18. Will I get paid during boot camp?

Yes. You’ll start in pay grade E1 (“Airman Basic”), unless your contract states otherwise. You won’t get your first payment immediately, you’ll get it at regular intervals just like every other service member, so they’ll issue you a temporary debit card with some money on it which will be taken out of the first paycheck. If Mexico invades Texas, and San Antonio becomes a battlefield, you’ll theoretically get the combat zone bonus. When I shipped out, they even gave us about $100 each to spend on dinner at the airport (but you don’t get to keep the unspent portion). However, you will not get any sign-on bonuses until you reach tech school. (Who the heck needs $6000 at Lackland anyway?)

19. Do you have to swim during basic military training?

No. You might fall into water during the obstacle course, but it is shallow.

20. What happens if you get sick during training?

If you inform your drill sergeant, they’ll arrange for an escort to take you to the squadron clinic, where (if your experience is like mine was) you’ll enjoy the company of some very cheerful and friendly medical staff. Beware: if they find a medical condition which you hid from MEPS, you’re in big trouble. A guy in my flight got kicked out completely, all because he hid that he had once had a broken arm.

21. Are hair cuts necessary?

For guys, certainly. They’ll shave you almost bald. For girls, I’m not sure of the exact rules. I don’t remember; I drank so much of that drugged gatorade that for once in my life I wasn’t checking out all the ladies around me ;)

22. What if I have glasses?

Sometime during zero week, you’ll see an eye doctor (whether you have glasses or not). If you need glasses, they’ll give you a prescription, and within a few days, you’ll receive a pair of the thickest, ugliest, nerdiest glasses ever created. These are combat glasses, about as hard to destroy as Robert Patrick in Terminator 2. We call them Birth Control Glasses, or BCGs, and no, they aren’t optional, you’ll be wearing them until tech school.

23. Is there any free time?

There are a few minutes of free time every day. What free time you don’t spend writing letters, you’ll probably spend trying to get your locker straightened out for room inspections. Occasionally, the flight will be awarded with extra free time, a “patio break” when you’ll have access to candy vending machines and pay phones, usually for 15 minutes or half an hour. These are rare. On the final days of training, you’ll get tons of free time: hours of on-base leave on Friday, and, miracle of miracles, hours of off-base leave to explore San Antonio on Saturday. Most airmen have their parents fly in to spend time with them during these final hours, ‘cuz whatever you think of home before you ship out, you’ll probably feel the harsh pangs of homesickness.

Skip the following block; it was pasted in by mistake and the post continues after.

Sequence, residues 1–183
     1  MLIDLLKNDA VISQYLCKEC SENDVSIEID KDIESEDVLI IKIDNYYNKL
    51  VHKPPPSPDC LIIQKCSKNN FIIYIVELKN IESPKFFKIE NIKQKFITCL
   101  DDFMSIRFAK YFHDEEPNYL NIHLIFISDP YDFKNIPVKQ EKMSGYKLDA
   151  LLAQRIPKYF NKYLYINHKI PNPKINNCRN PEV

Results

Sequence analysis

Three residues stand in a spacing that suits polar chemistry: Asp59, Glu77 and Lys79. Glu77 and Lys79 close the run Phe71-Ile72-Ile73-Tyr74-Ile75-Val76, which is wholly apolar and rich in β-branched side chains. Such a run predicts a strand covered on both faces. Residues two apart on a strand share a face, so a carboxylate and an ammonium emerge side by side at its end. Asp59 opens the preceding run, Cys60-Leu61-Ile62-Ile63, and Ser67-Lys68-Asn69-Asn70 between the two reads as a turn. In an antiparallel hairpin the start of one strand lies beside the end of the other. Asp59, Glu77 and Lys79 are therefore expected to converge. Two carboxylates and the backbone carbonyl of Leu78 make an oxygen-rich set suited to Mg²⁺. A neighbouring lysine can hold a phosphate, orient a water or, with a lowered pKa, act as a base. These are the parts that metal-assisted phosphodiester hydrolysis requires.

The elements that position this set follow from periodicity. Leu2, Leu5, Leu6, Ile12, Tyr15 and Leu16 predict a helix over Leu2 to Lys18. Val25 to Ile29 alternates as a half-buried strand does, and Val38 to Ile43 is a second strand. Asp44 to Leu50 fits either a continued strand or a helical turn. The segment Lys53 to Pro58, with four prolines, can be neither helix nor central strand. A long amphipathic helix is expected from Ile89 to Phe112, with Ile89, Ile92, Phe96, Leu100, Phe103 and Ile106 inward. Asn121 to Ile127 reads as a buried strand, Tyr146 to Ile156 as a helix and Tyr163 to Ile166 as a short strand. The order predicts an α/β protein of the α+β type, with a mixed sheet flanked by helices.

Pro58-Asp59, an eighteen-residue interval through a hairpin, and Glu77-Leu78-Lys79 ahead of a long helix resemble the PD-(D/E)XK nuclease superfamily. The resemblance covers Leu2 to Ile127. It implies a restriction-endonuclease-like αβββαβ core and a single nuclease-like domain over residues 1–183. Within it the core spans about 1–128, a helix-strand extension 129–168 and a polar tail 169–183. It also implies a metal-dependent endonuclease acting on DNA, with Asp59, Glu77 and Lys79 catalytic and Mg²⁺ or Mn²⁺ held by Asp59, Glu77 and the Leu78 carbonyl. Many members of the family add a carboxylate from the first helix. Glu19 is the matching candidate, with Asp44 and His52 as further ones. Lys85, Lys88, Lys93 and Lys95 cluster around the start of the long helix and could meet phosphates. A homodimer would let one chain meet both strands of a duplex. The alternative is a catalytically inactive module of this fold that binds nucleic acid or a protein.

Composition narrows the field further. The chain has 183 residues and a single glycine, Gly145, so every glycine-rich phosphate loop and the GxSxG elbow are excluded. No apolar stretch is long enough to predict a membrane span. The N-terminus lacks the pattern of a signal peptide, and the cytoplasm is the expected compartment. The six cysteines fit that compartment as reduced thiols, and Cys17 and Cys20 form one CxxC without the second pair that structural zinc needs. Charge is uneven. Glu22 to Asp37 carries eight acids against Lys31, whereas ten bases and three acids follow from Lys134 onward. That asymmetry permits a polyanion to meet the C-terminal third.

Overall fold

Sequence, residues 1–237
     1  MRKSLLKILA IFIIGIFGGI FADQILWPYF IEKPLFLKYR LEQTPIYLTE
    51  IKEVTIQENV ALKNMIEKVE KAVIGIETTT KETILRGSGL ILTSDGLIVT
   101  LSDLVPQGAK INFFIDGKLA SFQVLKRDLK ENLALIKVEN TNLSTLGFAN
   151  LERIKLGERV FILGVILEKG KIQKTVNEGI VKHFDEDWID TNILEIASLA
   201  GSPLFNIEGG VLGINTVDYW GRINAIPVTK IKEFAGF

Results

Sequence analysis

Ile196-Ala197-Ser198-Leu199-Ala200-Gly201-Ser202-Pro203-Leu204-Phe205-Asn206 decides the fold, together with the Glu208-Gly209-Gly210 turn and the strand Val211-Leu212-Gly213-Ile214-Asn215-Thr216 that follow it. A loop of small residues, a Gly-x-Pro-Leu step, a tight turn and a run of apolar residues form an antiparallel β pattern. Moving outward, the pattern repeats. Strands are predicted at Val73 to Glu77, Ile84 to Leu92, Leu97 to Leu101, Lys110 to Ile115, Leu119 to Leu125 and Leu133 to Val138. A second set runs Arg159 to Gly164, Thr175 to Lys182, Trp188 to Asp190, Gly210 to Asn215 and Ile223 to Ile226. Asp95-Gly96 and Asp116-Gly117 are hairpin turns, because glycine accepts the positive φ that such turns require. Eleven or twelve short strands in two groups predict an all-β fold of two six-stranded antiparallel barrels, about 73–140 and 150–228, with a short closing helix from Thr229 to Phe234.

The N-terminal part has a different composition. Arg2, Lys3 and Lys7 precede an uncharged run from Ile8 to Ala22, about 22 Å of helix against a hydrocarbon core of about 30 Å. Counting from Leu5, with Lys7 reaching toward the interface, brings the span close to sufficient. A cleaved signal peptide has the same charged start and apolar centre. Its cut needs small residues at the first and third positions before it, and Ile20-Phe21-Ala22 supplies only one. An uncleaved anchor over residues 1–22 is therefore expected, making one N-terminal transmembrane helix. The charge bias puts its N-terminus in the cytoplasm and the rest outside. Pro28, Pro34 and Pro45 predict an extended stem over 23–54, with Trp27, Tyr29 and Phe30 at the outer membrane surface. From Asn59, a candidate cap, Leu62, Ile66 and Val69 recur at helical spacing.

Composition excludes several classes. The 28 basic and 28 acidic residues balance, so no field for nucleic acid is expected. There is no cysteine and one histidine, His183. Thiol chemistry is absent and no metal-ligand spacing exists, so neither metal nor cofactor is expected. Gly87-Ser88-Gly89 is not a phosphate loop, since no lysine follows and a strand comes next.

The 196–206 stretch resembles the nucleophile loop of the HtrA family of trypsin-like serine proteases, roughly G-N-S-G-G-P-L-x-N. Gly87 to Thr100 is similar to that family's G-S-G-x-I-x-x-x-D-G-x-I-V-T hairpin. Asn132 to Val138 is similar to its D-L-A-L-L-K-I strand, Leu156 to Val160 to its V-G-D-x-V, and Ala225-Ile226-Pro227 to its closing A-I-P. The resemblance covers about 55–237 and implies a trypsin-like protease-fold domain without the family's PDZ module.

24. Know any Boot Camp jokes?

“Did you iron that uniform, dirtbag?”
“Yes, sir!”
“Did you turn the iron on first?” :D
(or…)
“Did you iron it with a rock?” :D

25. Tell me about AF Drill Sergeants.

They’re technically called Training Instructors, or TI’s for short. They wear distinctive black hats (hence the nickname “black hats”), which your subconscious mind will come to associate with dread and terror. They wear special metal bits on the bottoms of their boots so you can hear them coming from a mile away.

No Air Force regulation actually requires that TI’s be such heartless mothaf’ers. That arises out of necessity. You’d be a bit irritable too, if you had to herd 60 fresh high school graduates to an appointment across base in exactly 14 minutes and some idiot didn’t know how to tie his boots. Think of it as tough love. VERY tough love.

The truth is that the drill sergeant’s power is illusionary. He or she is actually more vulnerable than you are. If a trainee pens a written complaint against a TI, it’s a permanent black mark on the sergeant’s record, but nothing the TI can do to you will endure past the bus ride to tech school. A TI is really only one step higher than the new airman, in the bigger hierarchy. She lacks the power to flunk you or kick you out of the military even if she tried: the squadron commander (lightyears above the TI) handles those things.

26. What are the Core Values?

See here.

27. Tell Me About Life After Boot Camp. Can you go home?

No, you can’t go home right after BMT. You’ll go on a bus to your technical school. You can read about my tech school experience, which was relatively long and grueling and hopefully yours will be easier, here. You’ll be able to take leave after tech school, or possibly during it if you’re there long enough to hit the Christmas season.

28. Does the experience change people?

Profoundly. For many, it fills that gap where our ancestors used to perform coming-of-age ceremonies. In other words, I went in as a boy and came out as a man. In a certain sense, the hellish and unrelenting nature of Basic is great: it distracts you from the deeply raw emotions which would otherwise accompany such drastic and abrupt personal upheaval.

29. Can you fail BMT?

Yes, but most failures are for medical reasons, for serious illegal activity, or for continued inability to pass the PT test. The TI’s will make you feel like you’re on the verge of failing because you didn’t make your bed correctly (and you’ll probably still think that despite reading this very blog), but that would be highly impractical. Remember that the whole point of the Air Force is not to make beds or make life hell for new airmen. The point is to kill foreigners with napalm. You don’t do that by paying young men and women to make beds and then sending them back home.